"in execution of the authority given by the legislature, measures have been taken for engaging some artists from abroad to aid in the establishment of our mint; others have been employed at home; provision has been made of the requisite buildings, and these are now putting into proper condition for the purposes of the establishment. There has been also a small beginning in the coinage of the half dismes and Cents, the want of small coins in circulation calling our first attentions to them."
Washington passed these words along to his primary speechwriter, Alexander Hamilton, who incorporated them into Washington's Message to Congress. He amended them slightly, however, noting the "small beginning in the coinage of the half dismes," but omitting Jefferson's mention of cents. Why? Had Hamilton seen them, and found them ugly? Were they too big and unwieldy, twice the size of the coppers and British halfpence then so common in pocket change? Had the number of 1792 half dismes struck -- thought to have been 1,500 pieces, as represented in Jefferson's memorandum book on July 13 -- made the half dismes notable, whereas the tiny number of Birch cents struck made them a footnote? Was Washington perturbed that the first pattern variety of Birch cent, as represented by a sole surviving specimen, had included his initials ("G*W. Pt.") despite his wishes to the contrary? We will never know.
We can know this: the Birch cents are the only cents that could have been struck as early as Jefferson's correspondence with Washington. The other 1792 cents, including the Silver Center and the so-called "Fusible Alloy" varieties, were struck inside the Philadelphia Mint in mid-December 1792. Mint Chief Coiner Henry Voigt recorded that he "struck off a few pieces of copper coins" on December 17. The following day, on December 18, Jefferson sent Washington a pair of Silver Center cents and told the President that "Mr. Rittenhouse is about to make a few by mixing the same plug by fusion with the same quantity of copper." Only the Birch cents could have been struck first, and given Jefferson and Washington's high level of interest in the patterns of 1792, it is almost a certainty that they, and other members of Washington's cabinet, would have seen these rare coins first hand.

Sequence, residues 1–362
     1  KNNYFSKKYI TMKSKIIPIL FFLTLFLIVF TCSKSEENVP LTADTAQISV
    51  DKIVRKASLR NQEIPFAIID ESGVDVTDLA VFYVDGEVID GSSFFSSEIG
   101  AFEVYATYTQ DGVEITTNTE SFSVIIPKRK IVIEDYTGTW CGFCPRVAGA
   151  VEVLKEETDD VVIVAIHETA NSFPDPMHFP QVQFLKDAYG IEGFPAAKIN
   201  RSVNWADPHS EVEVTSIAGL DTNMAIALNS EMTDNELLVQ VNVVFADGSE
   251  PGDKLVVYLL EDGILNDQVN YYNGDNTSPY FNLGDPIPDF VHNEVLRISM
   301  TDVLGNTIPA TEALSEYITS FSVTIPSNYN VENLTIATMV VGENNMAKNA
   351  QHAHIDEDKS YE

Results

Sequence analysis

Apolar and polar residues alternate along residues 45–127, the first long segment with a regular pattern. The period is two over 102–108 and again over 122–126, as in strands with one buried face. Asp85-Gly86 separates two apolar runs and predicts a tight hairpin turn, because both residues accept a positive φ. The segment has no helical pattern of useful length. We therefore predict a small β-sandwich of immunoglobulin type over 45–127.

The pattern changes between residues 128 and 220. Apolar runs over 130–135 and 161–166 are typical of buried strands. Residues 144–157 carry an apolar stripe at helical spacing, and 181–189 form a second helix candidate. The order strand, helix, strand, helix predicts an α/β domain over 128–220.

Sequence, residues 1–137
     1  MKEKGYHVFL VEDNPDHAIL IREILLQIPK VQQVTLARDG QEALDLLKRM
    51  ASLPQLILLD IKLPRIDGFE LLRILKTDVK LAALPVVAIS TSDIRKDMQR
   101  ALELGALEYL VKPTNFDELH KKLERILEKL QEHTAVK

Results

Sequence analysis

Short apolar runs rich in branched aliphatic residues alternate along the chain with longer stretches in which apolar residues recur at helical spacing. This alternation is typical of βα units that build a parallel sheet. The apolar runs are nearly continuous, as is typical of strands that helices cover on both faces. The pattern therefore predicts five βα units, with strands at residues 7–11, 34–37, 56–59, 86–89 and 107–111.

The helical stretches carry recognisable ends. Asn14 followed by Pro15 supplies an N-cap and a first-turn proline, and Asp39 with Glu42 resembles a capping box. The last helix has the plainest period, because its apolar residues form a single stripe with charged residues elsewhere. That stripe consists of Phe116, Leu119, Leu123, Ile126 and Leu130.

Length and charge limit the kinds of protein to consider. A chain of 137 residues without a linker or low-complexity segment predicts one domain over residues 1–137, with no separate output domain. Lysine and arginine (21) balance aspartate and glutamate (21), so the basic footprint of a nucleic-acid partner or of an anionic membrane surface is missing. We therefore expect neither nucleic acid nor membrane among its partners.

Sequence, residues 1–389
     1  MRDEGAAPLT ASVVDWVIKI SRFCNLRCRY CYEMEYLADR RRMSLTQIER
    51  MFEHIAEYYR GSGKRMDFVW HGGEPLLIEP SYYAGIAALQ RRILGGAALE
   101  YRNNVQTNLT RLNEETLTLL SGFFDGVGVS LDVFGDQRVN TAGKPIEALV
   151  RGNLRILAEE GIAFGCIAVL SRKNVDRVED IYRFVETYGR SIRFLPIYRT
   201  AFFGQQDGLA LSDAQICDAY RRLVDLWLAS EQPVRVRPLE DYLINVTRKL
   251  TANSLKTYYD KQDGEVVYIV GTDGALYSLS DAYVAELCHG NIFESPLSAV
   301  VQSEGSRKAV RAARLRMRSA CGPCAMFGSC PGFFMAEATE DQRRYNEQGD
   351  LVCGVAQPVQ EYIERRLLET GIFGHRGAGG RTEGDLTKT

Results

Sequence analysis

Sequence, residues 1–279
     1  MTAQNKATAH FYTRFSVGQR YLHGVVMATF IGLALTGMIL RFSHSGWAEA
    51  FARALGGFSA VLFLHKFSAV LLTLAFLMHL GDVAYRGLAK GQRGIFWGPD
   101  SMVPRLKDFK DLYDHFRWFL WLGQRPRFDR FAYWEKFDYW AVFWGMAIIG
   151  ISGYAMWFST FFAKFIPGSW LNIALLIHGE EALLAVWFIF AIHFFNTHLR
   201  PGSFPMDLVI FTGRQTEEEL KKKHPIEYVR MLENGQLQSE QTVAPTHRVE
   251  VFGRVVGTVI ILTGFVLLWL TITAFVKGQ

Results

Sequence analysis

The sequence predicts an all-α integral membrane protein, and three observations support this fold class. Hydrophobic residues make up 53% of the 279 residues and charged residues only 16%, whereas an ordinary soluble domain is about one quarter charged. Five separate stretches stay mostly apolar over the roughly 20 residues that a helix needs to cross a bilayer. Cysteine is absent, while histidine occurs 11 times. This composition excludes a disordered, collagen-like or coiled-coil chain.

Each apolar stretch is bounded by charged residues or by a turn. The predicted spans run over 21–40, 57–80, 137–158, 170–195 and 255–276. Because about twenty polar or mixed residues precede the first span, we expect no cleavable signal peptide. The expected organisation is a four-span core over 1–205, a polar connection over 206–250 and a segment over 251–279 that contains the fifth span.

Based on stylistic comparison between the signed Birch cent and the bust on the 1792 half dismes, they are almost certainly by the same hand and were likely struck at very close to the same time, likely in the late summer of 1792.